The international controversy generated by leaks from German journalist Peter Seewald's book-length interview with Pope Benedict XVI — officially issued this week as "Light of the World" — may be a publicist's dream, but what does it really signify?
Benedict's thoughts on the morality of condom usage don't go nearly as far as those of us who feel that the Roman Catholic Church's absolute prohibition of artificial contraception is a moral disaster would like, but they push church doctrine a good bit further than the traditionalists want to acknowledge.
Here's the pope's controversial remark, which came in response to a question about the use of condoms to prevent the spread of AIDS in Africa: "There may be a basis in the case of some individuals, as perhaps when a male prostitute uses a condom, where this can be a first step in the direction of a moralization, a first assumption of responsibility, on the way toward recovering an awareness that not everything is allowed and that one cannot do whatever one wants."
If you're having difficulty parsing that, there's no need to adjust your set. To understand what's being said, it's important to remember that Benedict is, in a formal academic sense, the most rigorously trained and sophisticated theologian to occupy the throne of Peter in many centuries. It's also important to recall that, in Catholic moral reasoning, intention is crucial when it comes to assessing the quality of an individual act.
Theology may be — as was said in the High Middle Ages — the "queen of the sciences," but unlike physical science, it does not proceed by experimental proofs. Thus, theologians love thought problems such as the one the pope posed and answered here.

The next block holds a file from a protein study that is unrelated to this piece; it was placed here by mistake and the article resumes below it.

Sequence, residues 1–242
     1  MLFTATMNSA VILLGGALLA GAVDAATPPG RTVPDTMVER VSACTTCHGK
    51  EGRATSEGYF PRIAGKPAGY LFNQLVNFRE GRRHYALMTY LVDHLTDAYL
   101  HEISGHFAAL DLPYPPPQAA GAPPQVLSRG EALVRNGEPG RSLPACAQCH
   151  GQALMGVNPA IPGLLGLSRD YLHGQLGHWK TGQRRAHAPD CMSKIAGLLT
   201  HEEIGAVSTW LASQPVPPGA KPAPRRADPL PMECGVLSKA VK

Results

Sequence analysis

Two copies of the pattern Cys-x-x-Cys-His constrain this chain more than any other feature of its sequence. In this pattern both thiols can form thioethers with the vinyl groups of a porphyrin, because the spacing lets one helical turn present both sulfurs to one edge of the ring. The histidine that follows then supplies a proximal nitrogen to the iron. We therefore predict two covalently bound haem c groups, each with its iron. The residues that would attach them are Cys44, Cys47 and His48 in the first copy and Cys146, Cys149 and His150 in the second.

All the back and forth over translations, including whether he meant to make a point that applied only to gay sex, is irrelevant, particularly because he subsequently said through his Vatican spokesman that his point also applied equally to female and transsexual prostitutes. That point does not involve the permissibility of condom use per se; rather, the pontiff is arguing that if an HIV-positive person put on a condom so as not to infect a partner, the act could indicate the first moral stirrings of a desire to behave more responsibly.
The reason this remark, which must seem self-evidently sensible to most people, went off like a bomb among Catholics is that, for years, Catholic bishops, theologians and healthcare workers fighting sub-Saharan Africa's AIDS epidemic have urged such a view and received either stony silence or condemnation from Rome. In fact, as prefect of the Congregation for the Doctrine of the Faith, Cardinal Joseph Ratzinger ordered the suppression of a book by two Jesuit theologians arguing the morality of using condoms to halt AIDS transmission. In his remark, Benedict at the very least reopened the door to a discussion of the matter. That's obvious if you look at the actual question from Seewald that evoked the thought problem:
"On the occasion of your trip to Africa in March 2009, the Vatican's policy on AIDS once again became the target of media criticism…. In Africa you stated that the church's traditional teaching has proven to be the only sure way to stop the spread of HIV. Critics, including critics from the church's own ranks, object that it is madness to forbid a high-risk population to use condoms."
Some clerics and Catholic health workers long have argued that telling HIV-infected patients, particularly those married to an uninfected partner, not to use condoms essentially turns normal conjugal relations into a suicide pact. These advocates may find new encouragement in Benedict's musings.
But for those who believe that Pope Paul VI's 1968 reaffirmation of the church's condemnation of artificial contraception, including condoms, began a process of estrangement that fundamentally alienated millions of Catholics from the church, there's really nothing new in Benedict's remarks.
Elsewhere in the interview, the pope explicitly endorsed Paul VI's encyclical on the question, Humanae Vitae, and calls Paul's stance "prophetic." As this pope sees it, "The basic lines of Humanae Vitae are still correct."